- STEEL CITY INVESTIGATIONS.
- Smithsonian Ocean.
- The Guns Of Infinity.
- Petit Hector apprend la vie (PSYCHOLOGIE) (French Edition)?
- Finding The Right Partner!
- Under the Hidden Sun: A Gripping Tale of Love, Betrayal and Revenge (Set during Germanys World War II occupation of Denmark).
- Brainwaves Goes Mobile 2: Cartoons About Work;
You do not have subscription access to this journal. Citation lists with outbound citation links are available to subscribers only. You may subscribe either as an OSA member, or as an authorized user of your institution.
Authors and reviewers
Cited by links are available to subscribers only. Figure files are available to subscribers only. Article tables are available to subscribers only.
Equations are available to subscribers only. Attenuation length of distilled water at various wavelengths. Login or Create Account.
Sound and Light in the Sea
Allow All Cookies. Journal of the Optical Society of America Vol. Not Accessible Your account may give you access. Abstract Light in the sea may be produced by the sun or stars, by chemical or biological processes, or by man-made sources. The Polarization of Light at Sea E.
- Uma Aventura nas Férias do Natal (Portuguese Edition).
- Website access code!
- Turning Inward - Asperger Syndrome and Discovery.
- Unto The Night.
- Lesson Plans Becoming a Doctor.
- More than 75% of surveyed sea animals glow in the dark!
- See a Problem?.
- Under the Moon (The Muskoka Trilogy Book 3).
- Accessibility Navigation.
- Belgium - La Brabanconne - Score!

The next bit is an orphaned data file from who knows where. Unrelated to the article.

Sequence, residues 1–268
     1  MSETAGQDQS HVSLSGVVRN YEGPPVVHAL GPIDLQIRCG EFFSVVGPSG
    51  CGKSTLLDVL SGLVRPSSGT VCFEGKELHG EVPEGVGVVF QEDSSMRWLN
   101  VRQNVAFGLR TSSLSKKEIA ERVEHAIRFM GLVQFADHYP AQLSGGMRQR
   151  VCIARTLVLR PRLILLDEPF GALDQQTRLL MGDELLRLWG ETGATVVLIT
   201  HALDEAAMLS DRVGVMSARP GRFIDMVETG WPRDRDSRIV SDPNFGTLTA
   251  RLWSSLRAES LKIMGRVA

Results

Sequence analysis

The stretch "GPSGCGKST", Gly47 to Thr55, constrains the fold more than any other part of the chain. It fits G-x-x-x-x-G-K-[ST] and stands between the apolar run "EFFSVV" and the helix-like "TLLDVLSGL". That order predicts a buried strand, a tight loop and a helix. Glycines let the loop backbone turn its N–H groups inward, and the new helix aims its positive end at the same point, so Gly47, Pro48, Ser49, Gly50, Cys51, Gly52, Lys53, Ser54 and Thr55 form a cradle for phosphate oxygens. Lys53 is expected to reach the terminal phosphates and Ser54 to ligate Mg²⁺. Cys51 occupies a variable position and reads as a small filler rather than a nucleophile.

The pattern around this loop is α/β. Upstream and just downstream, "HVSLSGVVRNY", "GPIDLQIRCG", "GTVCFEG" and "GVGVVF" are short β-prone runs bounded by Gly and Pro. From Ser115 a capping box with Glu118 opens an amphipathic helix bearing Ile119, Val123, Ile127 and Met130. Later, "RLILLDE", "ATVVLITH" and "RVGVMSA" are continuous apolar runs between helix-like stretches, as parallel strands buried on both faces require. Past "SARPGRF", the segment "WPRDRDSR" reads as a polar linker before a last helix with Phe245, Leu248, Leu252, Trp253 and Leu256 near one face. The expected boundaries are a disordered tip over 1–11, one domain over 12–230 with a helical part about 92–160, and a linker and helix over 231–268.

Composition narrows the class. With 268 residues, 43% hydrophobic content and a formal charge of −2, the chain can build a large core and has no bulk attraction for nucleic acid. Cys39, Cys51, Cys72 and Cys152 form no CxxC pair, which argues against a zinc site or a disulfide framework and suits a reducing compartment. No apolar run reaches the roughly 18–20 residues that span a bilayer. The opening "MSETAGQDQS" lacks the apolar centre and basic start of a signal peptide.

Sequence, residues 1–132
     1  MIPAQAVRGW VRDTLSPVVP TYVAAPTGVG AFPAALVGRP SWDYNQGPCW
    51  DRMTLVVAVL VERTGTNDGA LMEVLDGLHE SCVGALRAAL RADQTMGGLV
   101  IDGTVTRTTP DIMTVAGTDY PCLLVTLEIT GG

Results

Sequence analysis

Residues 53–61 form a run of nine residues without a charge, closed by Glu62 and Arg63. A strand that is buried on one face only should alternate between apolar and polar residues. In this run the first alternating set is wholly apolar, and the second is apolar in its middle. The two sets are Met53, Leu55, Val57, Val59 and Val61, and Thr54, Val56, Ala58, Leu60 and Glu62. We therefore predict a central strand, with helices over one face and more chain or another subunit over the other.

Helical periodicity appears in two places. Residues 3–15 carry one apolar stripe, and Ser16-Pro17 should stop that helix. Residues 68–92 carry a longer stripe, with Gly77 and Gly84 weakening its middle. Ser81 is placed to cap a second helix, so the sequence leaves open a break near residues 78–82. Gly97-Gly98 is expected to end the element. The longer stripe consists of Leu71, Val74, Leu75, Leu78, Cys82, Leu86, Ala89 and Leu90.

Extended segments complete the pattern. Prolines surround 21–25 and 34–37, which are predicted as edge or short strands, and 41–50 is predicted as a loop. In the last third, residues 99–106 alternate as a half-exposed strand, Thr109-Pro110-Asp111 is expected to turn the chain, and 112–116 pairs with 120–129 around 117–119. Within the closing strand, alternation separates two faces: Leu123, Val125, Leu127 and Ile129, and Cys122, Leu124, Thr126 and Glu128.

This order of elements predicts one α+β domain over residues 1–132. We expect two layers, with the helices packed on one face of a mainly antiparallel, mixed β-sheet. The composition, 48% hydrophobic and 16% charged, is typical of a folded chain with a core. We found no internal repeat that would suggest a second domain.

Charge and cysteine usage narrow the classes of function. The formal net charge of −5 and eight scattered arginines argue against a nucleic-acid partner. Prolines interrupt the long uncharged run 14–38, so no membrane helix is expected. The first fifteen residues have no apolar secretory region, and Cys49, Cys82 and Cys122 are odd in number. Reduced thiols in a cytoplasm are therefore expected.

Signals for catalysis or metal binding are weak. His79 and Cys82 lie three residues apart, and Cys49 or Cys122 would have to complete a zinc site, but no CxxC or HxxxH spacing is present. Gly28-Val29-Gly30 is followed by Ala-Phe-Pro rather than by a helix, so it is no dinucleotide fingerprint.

Absorption of Light by Sea Water E. More Recommended Articles. Please upgrade your browser to improve your experience and security.
Marine bioluminescence. Article Media. Info Print Cite. Submit Feedback. Thank you for your feedback.
Dispatches from the Deep: Light and Dark in the Sea
See Article History. Learn More in these related Britannica articles:. Light , electromagnetic radiation that can be detected by the human eye.
When these two substances combine to form a light-emitting compound. This type of reaction is similar to what happens when you crack a glow stick to light it up. Deep-sea fish in particular use this clever trick to attract prey and locate food, whereas glowing creatures in shallower waters use bioluminescence as a defense mechanism.
Sea animal lanterns shine in Paris - Reuters
Not much is known about bioluminescence in marine creatures as they lose their ability to glow when captured, making it difficult to study. Creatures do this by absorbing blue light and emitting it as red, orange or green — all colours which travel well underwater and are a stark contrast to the usual blue hue of the sea. What this means is that biofluorescence requires an external source of light, which means that only species that are exposed to sunlight can exhibit this trait — this is why deep sea creatures are bioluminescent rather than biofluorescent.
According to marine biologists, this type of natural glow is used mainly for camouflage, communication and attracting mates.